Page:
The construct of the child can be defined as the way in which different cultures and societies view children at different points in time. Some people especially from the west view children as innocent and unable to take up any responsibilities. Furthermore, a difference arises from the historical perception of children in comparison modern day. The essay will therefore, address the understanding of children as influenced by societal cultures, beliefs, values, and time.
Today, many people regard childhood, as a stage that is very different from adulthood and this is especially the case in the US. In fact, the childhood construct makes a distinction of this stage from that of adulthood. Children are believed to be very innocent and more vulnerable to danger as compared to adults (Congress & Manny 90). As such, people have taken the initiative to protect children from the responsibilities and the problems associated with adulthood. Actually, the stage of childhood is not static but rather it is a cultural and social construct. After World War II, the society has strongly held the notion that children should dedicate their time towards their education thus they are not required to engage in adult responsibilities (Leira & Chiara 68).
The effect of this societal belief of childhood construct in the 21st century is that children have become more carefree and spend most of their time playing and seeking for adventures (Davidman & Patricia 30). However, this was not the case during the 20th century especially in the 1900s. During this period, children were exposed to extremely long hours of work in conditions that were very harsh. Cases of child labor were prevalent at the time yet the society was not greatly alarmed because that was their construct of childhood. This is evident from the collection of photos that were used by the Library of Congress to give a clear picture showing the prevalence of child labor.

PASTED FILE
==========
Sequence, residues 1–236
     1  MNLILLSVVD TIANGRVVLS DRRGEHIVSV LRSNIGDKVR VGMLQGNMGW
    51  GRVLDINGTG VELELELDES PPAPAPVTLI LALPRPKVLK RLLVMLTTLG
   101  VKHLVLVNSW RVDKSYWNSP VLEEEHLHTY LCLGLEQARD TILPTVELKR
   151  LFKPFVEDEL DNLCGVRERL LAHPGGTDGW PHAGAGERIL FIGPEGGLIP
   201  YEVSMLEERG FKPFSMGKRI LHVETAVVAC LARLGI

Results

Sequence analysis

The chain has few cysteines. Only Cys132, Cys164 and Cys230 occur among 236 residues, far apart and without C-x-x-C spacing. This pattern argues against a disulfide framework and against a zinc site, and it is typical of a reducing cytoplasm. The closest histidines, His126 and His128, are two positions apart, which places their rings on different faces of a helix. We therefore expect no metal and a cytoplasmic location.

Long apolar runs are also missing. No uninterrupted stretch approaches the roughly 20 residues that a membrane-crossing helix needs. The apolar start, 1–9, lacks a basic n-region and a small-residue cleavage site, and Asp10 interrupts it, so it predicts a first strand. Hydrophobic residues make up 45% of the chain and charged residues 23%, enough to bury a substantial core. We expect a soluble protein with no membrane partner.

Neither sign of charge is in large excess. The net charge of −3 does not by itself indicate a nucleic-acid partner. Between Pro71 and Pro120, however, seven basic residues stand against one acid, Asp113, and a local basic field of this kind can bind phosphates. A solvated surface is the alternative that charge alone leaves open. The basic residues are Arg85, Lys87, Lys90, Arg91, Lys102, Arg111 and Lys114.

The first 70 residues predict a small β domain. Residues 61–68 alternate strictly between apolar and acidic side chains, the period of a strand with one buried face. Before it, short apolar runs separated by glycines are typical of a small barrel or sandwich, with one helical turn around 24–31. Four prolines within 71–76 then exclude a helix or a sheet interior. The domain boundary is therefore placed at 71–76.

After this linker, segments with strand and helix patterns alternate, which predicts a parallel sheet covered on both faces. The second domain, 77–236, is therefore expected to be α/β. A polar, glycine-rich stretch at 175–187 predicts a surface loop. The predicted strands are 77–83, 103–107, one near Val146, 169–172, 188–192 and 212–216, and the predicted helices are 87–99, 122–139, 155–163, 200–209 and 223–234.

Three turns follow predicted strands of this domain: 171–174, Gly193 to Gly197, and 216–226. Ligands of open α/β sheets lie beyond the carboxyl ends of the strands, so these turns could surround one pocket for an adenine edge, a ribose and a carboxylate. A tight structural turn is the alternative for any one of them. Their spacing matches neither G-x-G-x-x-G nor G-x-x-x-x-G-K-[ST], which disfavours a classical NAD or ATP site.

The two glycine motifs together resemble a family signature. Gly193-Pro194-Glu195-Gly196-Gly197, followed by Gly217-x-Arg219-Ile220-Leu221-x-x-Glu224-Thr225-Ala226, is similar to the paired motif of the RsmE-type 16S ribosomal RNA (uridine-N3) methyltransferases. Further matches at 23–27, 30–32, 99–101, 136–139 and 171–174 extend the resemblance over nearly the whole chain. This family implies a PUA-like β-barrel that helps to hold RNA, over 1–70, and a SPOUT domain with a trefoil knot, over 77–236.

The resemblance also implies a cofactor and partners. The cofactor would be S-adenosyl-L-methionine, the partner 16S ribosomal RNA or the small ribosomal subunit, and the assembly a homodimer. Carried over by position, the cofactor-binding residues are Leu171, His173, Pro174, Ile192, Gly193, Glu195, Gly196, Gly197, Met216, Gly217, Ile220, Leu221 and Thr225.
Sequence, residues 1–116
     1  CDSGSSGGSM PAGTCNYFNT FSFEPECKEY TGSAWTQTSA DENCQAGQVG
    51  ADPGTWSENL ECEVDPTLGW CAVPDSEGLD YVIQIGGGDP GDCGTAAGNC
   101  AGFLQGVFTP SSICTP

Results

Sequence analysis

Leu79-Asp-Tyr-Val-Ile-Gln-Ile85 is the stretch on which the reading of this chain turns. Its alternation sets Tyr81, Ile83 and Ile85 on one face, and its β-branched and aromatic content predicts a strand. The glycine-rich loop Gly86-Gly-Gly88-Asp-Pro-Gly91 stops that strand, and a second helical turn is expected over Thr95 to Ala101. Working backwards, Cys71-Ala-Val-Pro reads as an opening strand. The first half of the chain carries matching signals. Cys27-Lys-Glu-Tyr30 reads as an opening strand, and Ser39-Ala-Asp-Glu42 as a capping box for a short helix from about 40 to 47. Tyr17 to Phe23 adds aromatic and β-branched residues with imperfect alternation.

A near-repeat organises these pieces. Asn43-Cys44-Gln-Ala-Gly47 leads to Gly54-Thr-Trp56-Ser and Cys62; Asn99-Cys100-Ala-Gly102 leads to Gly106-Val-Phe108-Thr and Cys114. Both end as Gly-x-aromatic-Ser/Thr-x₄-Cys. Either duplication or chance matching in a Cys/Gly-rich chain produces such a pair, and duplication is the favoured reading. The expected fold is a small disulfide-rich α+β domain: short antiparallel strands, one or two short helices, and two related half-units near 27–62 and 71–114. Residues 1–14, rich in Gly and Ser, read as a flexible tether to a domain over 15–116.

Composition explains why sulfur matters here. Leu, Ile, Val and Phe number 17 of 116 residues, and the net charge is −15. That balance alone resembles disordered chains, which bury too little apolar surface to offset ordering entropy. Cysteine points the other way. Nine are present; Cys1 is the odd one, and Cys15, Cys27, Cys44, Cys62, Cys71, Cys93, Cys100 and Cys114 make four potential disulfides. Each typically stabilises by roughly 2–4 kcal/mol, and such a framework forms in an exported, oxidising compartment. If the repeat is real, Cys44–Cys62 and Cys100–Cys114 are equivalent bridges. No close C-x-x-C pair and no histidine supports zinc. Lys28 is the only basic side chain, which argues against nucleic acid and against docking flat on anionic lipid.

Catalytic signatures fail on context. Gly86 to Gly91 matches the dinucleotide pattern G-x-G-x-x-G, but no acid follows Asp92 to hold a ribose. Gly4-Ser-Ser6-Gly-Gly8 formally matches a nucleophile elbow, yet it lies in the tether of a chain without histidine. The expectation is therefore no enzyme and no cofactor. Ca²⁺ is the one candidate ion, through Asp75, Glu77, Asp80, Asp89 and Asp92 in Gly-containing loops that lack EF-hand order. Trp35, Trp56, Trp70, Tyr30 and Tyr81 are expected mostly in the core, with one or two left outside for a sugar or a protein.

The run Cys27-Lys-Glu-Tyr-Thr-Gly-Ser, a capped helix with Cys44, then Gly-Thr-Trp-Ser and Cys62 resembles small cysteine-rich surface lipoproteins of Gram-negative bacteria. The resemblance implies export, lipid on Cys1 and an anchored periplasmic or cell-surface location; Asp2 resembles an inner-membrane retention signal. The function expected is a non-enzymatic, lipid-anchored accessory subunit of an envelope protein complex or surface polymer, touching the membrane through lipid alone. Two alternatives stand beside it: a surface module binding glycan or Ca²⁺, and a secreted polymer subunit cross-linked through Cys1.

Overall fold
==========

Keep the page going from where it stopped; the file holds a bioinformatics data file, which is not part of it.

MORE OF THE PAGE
The above picture dating back to 1917 shows children age 10, 9 and even 8 working in a tobacco farm, in the interiors of Hawthorn Farm. Even worse is that these girls were making a mere 50 cents on a daily basis. This was socially and culturally accepted more than one hundred years ago (Corey 72). If the same was to happen in our contemporary society, it would result in the prosecution of parents and even the owners of the farms and factories where the children are working. In fact, policies have been established to protect children from child labor and to ensure that they get an education. Therefore, a violation of these laws amounts to serious punishment to individuals who break the law.
The above photo also gives evidence of child labor in 1909 with boys collecting garbage from the dumpsites in Boston. This shows the prevalence of child labor in the 20th century and it was normal for children to contribute towards the family’s expenses, as this was the social construct. The second evidence that portrays the difference in childhood can be seen in the context and culture of children from different cultures. According to James & Adrian (88) people from the Canadian arctic are of the view that children need to acquire understanding, reason, and thought as they grow up. Usually, young children lack these qualities and may thus cry frequently or even get angry. Therefore, parents from the Canadian arctic tend to treat their children with so much leniency and tolerance. It is only until when they grow older and have become thoughtful that parents can discipline them. Contrarily, the parents and even their older siblings often beat children who come from Tonga. This is because the childhood construct in Tonga’s Pacific Island is that children are naughty, mischievous, and clumsy. Consequently, parents discipline their children by meting physical punishment, as they believe that in this way they will be able to achieve social competence. The impact of this societal construct in Tonga is that children have been able to develop a mindset of taking up responsibilities at an early age.